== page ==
[Show abstract][Hide abstract] ABSTRACT: The long-term effects of shocks are examined in the context of a traditional pastoral community. The impacts are empirically examined in connection with the micro-level poverty trap hypothesis and the associated minimum poverty threshold estimates reported in previous studies. We argue that these estimates cannot be taken as definitive and the core explanations behind them are incongruent with the institutional realities of the pastoral community for which they are reported. The reality is that shocks have implied long-term community-wide deprivation with a lasting effect of deterioration in the indigenous capacity to cushion those who slide into permanent destitution. This is evident in the empirically identified increasing loss of confidence in the indigenous social support structures. The findings rather highlight the need for policy interventions to focus on system level community-wide development issues rather than the commonly emphasized individual targeting implied by such exercises as asset-based poverty threshold estimates.
Middle Tennessee State University, Department of Economics and Finance, Working Papers. 01/2009;
[Show abstract][Hide abstract] ABSTRACT: Since the 1970’s, countries of the Sub-Saharan African region have experienced slow economic growth and development in comparison to other regions of the world. This paper studies the role of perceived financial risk in explaining the divergence of economic growth among Sub-Saharan African countries by employing regression techniques on panel data for the period of 1984 to 2000. Our findings suggest that higher ratings of a country’s investment environment (used as a proxy for reduced perceived financial risk) tend to make the flow of external funds more accessible to African countries and spur their economic growth.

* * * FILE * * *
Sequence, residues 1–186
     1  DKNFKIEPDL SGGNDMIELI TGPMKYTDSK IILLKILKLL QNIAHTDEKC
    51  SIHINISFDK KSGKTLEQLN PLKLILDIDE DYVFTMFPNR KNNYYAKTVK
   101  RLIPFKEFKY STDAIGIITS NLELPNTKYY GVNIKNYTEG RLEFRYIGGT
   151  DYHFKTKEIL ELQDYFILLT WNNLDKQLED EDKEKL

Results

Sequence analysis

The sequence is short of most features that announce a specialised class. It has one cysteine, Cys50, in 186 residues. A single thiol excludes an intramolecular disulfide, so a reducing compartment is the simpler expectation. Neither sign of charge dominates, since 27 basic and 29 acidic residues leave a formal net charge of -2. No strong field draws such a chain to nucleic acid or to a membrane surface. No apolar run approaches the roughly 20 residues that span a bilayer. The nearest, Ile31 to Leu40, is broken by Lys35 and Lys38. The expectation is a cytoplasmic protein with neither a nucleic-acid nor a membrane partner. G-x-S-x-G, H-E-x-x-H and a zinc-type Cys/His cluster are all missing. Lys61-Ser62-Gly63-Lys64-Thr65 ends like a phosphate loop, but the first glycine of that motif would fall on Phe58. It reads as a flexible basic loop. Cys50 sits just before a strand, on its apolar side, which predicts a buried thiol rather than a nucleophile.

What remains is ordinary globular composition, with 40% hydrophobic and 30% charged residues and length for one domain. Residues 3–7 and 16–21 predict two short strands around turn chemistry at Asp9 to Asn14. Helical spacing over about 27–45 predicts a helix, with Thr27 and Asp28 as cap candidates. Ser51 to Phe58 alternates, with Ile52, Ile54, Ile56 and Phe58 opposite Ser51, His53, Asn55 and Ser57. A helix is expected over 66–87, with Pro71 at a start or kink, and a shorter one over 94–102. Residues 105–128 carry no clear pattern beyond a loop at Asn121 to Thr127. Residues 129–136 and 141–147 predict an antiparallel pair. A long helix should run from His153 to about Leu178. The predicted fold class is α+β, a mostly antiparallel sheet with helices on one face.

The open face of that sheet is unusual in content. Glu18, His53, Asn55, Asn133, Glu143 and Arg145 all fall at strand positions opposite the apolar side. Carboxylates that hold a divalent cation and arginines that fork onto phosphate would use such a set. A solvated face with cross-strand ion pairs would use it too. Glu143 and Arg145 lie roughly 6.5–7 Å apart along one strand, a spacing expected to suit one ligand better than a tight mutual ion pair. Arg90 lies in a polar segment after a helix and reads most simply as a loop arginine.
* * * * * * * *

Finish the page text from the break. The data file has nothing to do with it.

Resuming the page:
[Show abstract][Hide abstract] ABSTRACT: For more than half a century, there have been heated debates on the sources of economic growth in developing economies. The perceived factors of economic growth have ranged from surplus labor to capital investment and technological change, foreign aid, foreign direct investment, investment in human capital, increasing returns from investment in new ideas and research and development. The positive or negative impacts of the above listed traditional sources of economic growth have been well documented in literature. Other researchers have also considered the importance of institutional factors such as the role of political freedom, political instability, voice and accountability on economic growth and development. Despite the increasing importance of remittances in total international capital flows, however, the direct or indirect relationship between remittances and economic growth has not been adequately studied. This study explores the aggregate impact of remittances on economic growth within the conventional neoclassical growth framework using an unbalanced panel data spanning from1980 to 2004 for 37 African countries. We find that remittances boost growth in countries where the financial systems are less developed by providing an alternative way to finance investment and helping overcome liquidity constraints.